Kim Wags says
I have always wanted to feel more comfortable having people over. I have a wonderful group of gals I do Bible Study with and would love to have them over for more than just snacks. This book could be just the guide I need!!
Lisa Brouwer says
Our kitchen table is a catalyst. New jobs. Deciding to start a family. Choosing to quit my job and be an entrepreneur. Deepening relationships. We host friends and family on a regular basis. Sharing a meal around the table is community and a way we’re going to move through the loneliness we’ve experienced this last year.
I am a community builder of women who want to do brave things. We take deep dives in small groups (virtually and in person) and I just hosted my first in person conference since 2019. It feels so good to get back together! #BraverTogether
Jenna Schroeder says
I love the story and beauty behind this idea, book and God’s heart for community. To cultivate connection we have been inviting a family over once a month for dinner. We enjoy serving, the conversations and the kids getting to know each other. Covid has been hard for relationship so we created an outdoor space where we can love another family through time together, dinner and backyard fun.
I am a 60+ single lady with a small home – I have invited people in some but it’s so easy to let time slip by and forget to be regular about inviting people. I’m not much a a cook and that intimidates me, more than it should, probably! I’d love to win a copy of this book!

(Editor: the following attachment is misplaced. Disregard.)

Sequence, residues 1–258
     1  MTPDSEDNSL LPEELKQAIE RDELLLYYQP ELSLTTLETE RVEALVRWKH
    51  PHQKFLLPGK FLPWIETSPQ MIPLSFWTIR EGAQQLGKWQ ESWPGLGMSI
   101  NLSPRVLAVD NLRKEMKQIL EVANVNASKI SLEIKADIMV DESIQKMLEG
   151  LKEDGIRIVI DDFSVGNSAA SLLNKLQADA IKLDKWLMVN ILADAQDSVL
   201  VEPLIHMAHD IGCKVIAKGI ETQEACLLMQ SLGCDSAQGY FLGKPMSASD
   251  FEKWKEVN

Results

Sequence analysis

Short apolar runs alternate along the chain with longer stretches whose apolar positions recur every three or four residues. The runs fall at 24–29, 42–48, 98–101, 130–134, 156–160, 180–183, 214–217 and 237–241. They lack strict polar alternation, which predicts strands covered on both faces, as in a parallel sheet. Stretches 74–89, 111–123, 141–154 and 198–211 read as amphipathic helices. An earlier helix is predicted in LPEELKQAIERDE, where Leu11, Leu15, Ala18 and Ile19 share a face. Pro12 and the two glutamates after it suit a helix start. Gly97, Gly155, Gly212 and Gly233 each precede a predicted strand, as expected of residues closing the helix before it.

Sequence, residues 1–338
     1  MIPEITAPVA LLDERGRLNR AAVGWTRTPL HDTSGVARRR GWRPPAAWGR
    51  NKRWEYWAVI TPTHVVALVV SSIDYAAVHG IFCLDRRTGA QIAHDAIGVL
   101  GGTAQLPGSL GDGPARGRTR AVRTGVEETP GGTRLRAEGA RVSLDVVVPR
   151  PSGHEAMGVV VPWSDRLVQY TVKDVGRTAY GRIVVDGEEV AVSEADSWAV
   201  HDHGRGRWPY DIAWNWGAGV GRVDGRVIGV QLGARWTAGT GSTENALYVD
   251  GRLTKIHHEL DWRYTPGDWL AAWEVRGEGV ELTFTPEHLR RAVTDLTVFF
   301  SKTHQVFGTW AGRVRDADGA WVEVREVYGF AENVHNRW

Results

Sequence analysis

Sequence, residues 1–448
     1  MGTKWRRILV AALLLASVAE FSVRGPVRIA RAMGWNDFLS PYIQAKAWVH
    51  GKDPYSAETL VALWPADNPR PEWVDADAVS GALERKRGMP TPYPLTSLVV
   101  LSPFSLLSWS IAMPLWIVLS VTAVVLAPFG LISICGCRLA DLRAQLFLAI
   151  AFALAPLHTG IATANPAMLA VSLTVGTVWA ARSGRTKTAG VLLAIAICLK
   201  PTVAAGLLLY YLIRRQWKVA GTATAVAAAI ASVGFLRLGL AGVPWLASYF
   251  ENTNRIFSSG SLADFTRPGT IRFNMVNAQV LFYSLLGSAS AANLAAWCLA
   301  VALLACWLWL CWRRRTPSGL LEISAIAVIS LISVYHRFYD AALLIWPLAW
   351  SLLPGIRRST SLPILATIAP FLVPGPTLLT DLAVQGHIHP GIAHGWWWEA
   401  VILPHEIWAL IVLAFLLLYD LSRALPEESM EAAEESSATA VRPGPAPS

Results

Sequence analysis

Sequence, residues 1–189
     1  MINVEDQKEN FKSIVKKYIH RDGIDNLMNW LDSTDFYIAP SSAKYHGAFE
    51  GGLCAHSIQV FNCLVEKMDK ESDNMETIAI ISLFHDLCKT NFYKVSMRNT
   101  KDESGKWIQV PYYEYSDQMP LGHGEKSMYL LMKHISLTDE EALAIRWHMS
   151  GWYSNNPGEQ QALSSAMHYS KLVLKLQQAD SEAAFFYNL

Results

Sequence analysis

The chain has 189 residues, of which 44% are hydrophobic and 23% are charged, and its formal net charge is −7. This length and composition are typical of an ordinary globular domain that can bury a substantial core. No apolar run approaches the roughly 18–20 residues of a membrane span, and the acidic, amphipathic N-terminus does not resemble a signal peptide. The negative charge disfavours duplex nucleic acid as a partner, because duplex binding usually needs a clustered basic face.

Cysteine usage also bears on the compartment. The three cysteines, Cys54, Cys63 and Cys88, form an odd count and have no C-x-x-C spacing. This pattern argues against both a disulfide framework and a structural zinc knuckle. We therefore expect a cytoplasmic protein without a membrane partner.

Marta Jackson says
You are so speaking my language. Community! I recently moved into a 55+ neighborhood. There seems to be so many single, widowed women that spend most of their time inside their home alone. I need to get better about welcoming them into my home. But I have started a weekly gathering on our driveway for our street so we can come together. And another gal and I are starting a monthly ladies lunch outing.
Thanks for inspiring me this morning!
Erin W says
I started a small life group of women through our church and couldn’t be more grateful for it.
Barbara Goodman says
Hello my name is Barbara Goodman. I welcome new neighbors
To our community With a little gift and host neighbors. I bake for our
Community events and
Encourage get together
And community involvement.
Barbara Goodman says
. I welcome new neighbors
To our community With a little gift and host neighbors. I bake for our
Community events and
Encourage get together
And community involvement.
I love hosting family and friends in my home for meals. When my husbands grandma was 95 I started a time of inviting his family to the house once a month to eat, laugh, talk, play dominos(his grandma’s favorite game). We had the best time! We did this for 4 years until his grandma passed away. I think it is time to start it back up. Life gets us so disconnected with each other and with covid we have missed those interactions.